Dover Chamber of Commerce

History of Batesville

Batesville earned its “best little city in America” nickname from the beginning. Native Americans roamed the rich loam, old growth forests and creeks that provided the right climate to grow valuable hardwoods like oak, black walnut, wild cherry, ash and poplar. No wonder the Shawnee cherished this slice of the earth for its beauty.

Both the French and British explored Ripley County, but American settlers didn’t arrive until 1835 when Teunis Amack purchased 120 acres and built his log cabin. Seventeen years later, he sold his homestead to the Callahan Trust Company, which broke up the acreage into 45 lots for a town on the main line of the Lawrenceburg-Upper Mississippi River Railroad. This new community was supposedly named after Joshua Bates, an engineer, surveyor and member of the Callahan Trust Company who bought the first lot (there are those who contend the town honors Harvey Bates, the railroad’s director).

The forest attracted German immigrants, many of whom found Batesville while traveling the rail system to nearby Oldenburg. And by 1853, that transportation line stretched westward to Indianapolis, further connecting the rural town to the hum of Midwestern life. Before the turn of the century, Batesville stood as a thriving commercial center — thanks to the sawmills. It was the first city west of Cincinnati to install electric streetlights.

History of Oldenburg

Two speculators purchased 200 acres from William George in 1837, and platted out their new town. They named the town in honor of the Grand Duchy of Oldenburg, where both speculators had been born.

In those original plats, two over-large lots were set aside for construction of a church with enough land to support a pastor. The vast majority of early settlers were German Catholics, whose concern about church and pastor were no small matter. A testament to their undaunted determination and optimism, construction of a church had begun before Oldenburg’s first birthday.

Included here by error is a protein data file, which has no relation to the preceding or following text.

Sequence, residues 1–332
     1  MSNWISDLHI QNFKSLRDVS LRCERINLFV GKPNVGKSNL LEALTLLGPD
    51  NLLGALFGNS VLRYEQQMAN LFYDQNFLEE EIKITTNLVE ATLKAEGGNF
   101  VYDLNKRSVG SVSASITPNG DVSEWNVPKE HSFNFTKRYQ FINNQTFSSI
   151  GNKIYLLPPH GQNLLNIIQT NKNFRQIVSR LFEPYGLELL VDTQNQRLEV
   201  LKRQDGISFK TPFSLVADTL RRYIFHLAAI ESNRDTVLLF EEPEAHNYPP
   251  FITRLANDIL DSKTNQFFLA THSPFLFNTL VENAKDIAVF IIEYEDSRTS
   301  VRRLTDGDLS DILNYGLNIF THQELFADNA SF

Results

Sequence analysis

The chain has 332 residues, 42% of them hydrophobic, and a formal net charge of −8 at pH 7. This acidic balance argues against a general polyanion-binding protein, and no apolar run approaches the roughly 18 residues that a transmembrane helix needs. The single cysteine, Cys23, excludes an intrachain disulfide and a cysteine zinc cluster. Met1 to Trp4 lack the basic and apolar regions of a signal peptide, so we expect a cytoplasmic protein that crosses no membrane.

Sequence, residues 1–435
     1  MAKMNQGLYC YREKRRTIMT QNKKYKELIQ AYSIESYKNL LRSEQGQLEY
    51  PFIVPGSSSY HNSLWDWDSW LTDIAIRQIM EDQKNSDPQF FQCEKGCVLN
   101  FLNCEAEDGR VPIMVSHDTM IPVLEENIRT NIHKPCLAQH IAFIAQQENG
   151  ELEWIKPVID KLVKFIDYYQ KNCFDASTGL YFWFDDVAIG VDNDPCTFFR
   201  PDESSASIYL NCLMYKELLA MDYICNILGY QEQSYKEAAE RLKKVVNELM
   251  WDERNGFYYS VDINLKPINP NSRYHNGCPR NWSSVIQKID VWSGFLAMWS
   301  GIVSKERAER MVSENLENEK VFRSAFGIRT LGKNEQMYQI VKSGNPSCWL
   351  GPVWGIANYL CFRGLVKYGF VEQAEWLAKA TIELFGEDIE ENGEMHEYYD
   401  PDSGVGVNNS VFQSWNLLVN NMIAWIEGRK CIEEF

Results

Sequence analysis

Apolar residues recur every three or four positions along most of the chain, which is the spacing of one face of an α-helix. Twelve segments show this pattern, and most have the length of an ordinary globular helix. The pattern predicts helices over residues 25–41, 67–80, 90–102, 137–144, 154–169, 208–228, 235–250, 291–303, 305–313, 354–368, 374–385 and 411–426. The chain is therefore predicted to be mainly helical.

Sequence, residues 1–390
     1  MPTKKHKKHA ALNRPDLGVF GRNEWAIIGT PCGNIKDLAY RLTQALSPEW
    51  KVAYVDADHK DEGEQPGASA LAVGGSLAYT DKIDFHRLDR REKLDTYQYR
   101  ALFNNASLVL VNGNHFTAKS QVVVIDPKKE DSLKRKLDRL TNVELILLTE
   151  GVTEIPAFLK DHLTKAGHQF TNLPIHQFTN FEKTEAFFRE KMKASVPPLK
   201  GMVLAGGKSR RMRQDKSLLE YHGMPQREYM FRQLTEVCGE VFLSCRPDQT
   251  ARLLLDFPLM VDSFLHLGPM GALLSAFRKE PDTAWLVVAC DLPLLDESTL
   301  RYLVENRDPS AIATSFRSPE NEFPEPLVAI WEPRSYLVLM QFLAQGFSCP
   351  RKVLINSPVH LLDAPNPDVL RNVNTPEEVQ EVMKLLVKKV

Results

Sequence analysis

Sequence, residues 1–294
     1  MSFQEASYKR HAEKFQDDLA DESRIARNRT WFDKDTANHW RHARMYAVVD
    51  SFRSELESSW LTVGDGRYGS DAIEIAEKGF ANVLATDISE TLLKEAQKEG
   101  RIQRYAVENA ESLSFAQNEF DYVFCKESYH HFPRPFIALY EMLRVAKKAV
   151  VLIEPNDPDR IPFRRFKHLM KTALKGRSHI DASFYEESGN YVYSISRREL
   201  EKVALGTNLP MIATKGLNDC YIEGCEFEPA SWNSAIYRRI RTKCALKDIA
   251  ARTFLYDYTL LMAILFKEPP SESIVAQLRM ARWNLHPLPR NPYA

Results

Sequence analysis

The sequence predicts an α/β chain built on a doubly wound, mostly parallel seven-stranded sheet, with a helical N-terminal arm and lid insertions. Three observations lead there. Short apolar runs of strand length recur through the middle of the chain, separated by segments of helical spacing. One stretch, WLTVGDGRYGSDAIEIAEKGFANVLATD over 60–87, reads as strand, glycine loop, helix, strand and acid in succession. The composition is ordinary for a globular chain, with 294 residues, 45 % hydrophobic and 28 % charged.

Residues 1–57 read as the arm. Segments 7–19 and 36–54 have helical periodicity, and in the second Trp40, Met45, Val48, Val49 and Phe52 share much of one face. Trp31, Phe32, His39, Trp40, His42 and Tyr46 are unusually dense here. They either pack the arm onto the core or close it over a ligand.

Perhaps the man who played the largest role in intertwining the history of Oldenburg with its church was Father Franz Joseph Rudolf, who served the parish from 1844 until his death in 1866. Holy Family Church was built in 1861 under his watchful eye, and Holy Family School was completed in 1868.

At Father Rudolf’s request, management of the parish was turned over to the Franciscans of St. John the Baptist following his death. The Old Stone Church had been converted to a rectory following dedication of the larger brick structure. The Franciscans took up residence there in 1867.

The convent of the Sisters of St. Francis and the Immaculate Conception Academy were built in 1851 and 1857, respectively. Countless additions have been made over the years to both the convent and the academy, which changed from a private all-girls high school to a coeducational one in August 2000.

Oldenburg, with its quaint shops and homes, is still very German today. All the street signs bear their German names, and fire hydrants are painted as German immigrants.


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